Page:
Sin Cara On Being A Super Hero, Wearing His Own Custom Sneakers, And His Latino Heat Heritage

Earlier this week, WWE announced that they were pairing with Reebok and Foot Locker to pay tribute to Hispanic Heritage Month with new capsule collection including Eddie Guerrero and Sin Cara shirts and shoes. We even managed to talk to Sin Cara himself about the line, the incredible amount of input he had in creating it, and how his character has come full circle to become an ambassador of Mexican lucha libre

Here’s the thing about talking to Sin Cara on the phone: you’ve got to trust the people who set up the call. It’s not like we hear Sin Cara talk a lot, and hell, I’ve seen Sin Cara fight Sin Cara, so all bets are off.

With Spandex: The first thing we need to talk about is the Latino Heat Heritage Gear, which is dope. I saw the shirts and I saw the shoes. Can you tell me a little bit about that and how you got involved, and maybe how much input you had in it?

Sin Cara: Yeah, I was able to have a lot of input, which is awesome, you know, the Footlocker and Reebok and the people behind this, WWE, also gave me a little bit of leeway in helping out and trying to get the idea together. So, it was fun to be able to work with them, and trying to get these ideas together, and watching it come to life, it’s been awesome. As you all know, October 13 is going to be the release date for the Eddie Guerrero tribute T-shirts, and then too for the Sin Cara, and then the sneakers, the Sin Cara sneakers are also going to be on the market on the 13th, so I’m very excited about that.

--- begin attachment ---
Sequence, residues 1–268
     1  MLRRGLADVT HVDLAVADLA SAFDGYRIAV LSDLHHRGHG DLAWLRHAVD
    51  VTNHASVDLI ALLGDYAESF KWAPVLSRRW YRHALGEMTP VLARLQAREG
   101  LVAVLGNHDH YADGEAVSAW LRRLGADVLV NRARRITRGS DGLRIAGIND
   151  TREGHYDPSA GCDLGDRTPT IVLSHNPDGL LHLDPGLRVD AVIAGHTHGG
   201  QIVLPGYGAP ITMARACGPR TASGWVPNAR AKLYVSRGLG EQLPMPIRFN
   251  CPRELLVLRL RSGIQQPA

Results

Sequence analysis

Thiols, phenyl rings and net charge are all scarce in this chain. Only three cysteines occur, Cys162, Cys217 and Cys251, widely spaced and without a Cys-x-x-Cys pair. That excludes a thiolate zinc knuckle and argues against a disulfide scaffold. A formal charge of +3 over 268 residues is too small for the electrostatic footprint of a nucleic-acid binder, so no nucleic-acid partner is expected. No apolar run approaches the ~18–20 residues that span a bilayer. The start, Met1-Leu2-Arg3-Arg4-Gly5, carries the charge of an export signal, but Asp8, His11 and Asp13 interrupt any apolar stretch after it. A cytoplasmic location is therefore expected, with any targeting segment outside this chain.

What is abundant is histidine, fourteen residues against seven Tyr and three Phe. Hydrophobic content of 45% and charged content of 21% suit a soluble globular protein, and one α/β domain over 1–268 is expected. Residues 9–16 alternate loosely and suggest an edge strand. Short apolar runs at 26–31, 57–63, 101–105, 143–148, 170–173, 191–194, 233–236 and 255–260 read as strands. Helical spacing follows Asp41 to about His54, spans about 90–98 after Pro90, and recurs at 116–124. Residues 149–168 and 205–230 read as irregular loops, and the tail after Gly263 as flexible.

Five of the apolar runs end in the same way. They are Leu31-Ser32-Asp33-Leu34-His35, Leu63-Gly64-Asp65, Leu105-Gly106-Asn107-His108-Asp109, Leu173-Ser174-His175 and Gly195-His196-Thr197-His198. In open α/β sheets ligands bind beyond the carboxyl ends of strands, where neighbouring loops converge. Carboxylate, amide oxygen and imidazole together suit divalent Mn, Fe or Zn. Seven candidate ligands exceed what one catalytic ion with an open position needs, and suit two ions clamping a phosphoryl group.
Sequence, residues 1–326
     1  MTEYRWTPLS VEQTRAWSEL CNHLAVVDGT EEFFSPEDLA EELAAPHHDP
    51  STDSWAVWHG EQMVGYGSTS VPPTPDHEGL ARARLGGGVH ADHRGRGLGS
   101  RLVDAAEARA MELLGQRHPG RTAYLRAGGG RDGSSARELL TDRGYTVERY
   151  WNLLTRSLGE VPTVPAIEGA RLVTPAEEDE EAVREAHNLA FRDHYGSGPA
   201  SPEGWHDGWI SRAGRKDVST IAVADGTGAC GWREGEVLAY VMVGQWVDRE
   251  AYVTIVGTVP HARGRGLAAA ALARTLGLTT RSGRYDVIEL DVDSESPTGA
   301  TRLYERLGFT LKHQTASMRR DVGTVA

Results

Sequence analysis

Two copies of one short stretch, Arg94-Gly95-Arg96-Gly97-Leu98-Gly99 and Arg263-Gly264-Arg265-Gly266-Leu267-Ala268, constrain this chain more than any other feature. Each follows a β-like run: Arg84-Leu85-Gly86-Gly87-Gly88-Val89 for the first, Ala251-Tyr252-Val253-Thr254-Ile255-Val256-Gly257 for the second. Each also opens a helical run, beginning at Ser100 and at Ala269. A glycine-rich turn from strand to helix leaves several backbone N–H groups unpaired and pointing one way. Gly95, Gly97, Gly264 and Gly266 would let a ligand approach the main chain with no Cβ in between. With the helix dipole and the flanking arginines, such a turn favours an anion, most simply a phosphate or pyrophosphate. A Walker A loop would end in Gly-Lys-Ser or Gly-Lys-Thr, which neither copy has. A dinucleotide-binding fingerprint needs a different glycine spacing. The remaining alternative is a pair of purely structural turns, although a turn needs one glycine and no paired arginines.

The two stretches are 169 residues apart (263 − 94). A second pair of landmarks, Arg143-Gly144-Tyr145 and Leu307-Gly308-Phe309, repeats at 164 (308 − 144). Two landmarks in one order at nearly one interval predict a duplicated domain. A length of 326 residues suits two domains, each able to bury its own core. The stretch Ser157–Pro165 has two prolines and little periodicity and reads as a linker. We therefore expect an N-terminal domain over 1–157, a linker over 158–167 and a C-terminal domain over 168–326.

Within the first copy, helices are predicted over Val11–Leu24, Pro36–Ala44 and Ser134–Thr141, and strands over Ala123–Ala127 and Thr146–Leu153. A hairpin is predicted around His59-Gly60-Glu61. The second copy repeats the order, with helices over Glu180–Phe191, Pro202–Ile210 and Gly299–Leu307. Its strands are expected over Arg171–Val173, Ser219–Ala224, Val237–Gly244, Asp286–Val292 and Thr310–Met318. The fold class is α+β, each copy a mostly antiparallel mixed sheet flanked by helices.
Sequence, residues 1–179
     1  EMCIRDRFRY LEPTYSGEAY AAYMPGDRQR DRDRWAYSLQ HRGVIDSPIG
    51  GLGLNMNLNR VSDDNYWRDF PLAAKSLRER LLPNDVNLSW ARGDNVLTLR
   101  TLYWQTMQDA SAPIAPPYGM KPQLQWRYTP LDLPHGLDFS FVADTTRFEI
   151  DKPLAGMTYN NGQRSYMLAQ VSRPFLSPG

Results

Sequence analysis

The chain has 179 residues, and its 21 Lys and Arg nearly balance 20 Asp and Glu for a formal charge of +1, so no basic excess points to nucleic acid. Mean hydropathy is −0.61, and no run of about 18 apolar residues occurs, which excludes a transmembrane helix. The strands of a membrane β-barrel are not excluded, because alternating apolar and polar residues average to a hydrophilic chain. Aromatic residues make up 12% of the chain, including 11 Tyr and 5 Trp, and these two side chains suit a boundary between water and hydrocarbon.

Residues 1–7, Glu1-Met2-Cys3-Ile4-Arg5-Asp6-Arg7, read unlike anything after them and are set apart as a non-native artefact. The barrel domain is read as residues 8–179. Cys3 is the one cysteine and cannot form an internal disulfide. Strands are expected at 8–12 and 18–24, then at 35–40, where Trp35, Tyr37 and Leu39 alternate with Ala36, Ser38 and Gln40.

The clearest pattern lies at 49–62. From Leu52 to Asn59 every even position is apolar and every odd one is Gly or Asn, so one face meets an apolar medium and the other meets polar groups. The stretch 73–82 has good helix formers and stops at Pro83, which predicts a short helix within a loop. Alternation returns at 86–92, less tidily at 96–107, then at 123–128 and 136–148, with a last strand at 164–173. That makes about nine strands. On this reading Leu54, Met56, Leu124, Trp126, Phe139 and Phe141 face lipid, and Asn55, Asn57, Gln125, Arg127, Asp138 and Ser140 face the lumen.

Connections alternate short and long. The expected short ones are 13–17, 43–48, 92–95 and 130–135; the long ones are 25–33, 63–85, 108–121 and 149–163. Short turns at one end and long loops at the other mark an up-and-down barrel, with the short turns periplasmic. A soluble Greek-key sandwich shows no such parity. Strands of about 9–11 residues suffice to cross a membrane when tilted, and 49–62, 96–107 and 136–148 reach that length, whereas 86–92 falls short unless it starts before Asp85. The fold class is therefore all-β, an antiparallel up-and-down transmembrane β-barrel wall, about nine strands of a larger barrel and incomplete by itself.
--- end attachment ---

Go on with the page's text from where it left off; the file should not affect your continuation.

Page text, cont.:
I’m blessed to be able to have the opportunity to work with amazing people that want to do all of these things to get to the public, and it’s fun to be able to see all of this come to life, like I was saying. Especially for me, because I come from a place where I used to watch Eddie Guerrero wrestle as a little kid. You know I grew up in El Paso-Juárez, where he was born, also, so I feel very connected in a way.

So were the Guerreros your favorite growing up in El Paso, or did you have any other favorite influences, or favorite luchadores?

Eddie was one of them. There were other wrestlers, Cinta de Oro, Rocky Star, you know, back in the day I was fortunate enough to watch a lot of those guys that competed in WWE, or WCW go through Ciudad Juarez, like Konnan, like Rey Mysterio. Rey Mysterio started wrestling as Colibrí, which was his first wrestling name in Mexico.

So why do you think it is that WWE currently doesn’t bring in more lucha libre talent? I know in the 90’s sort of in the attitude area, even, you’d get a wide variety of luchadores in WCW and in WWE. Why do you think they stick to maybe like one or two now instead of bringing in a variety of guys?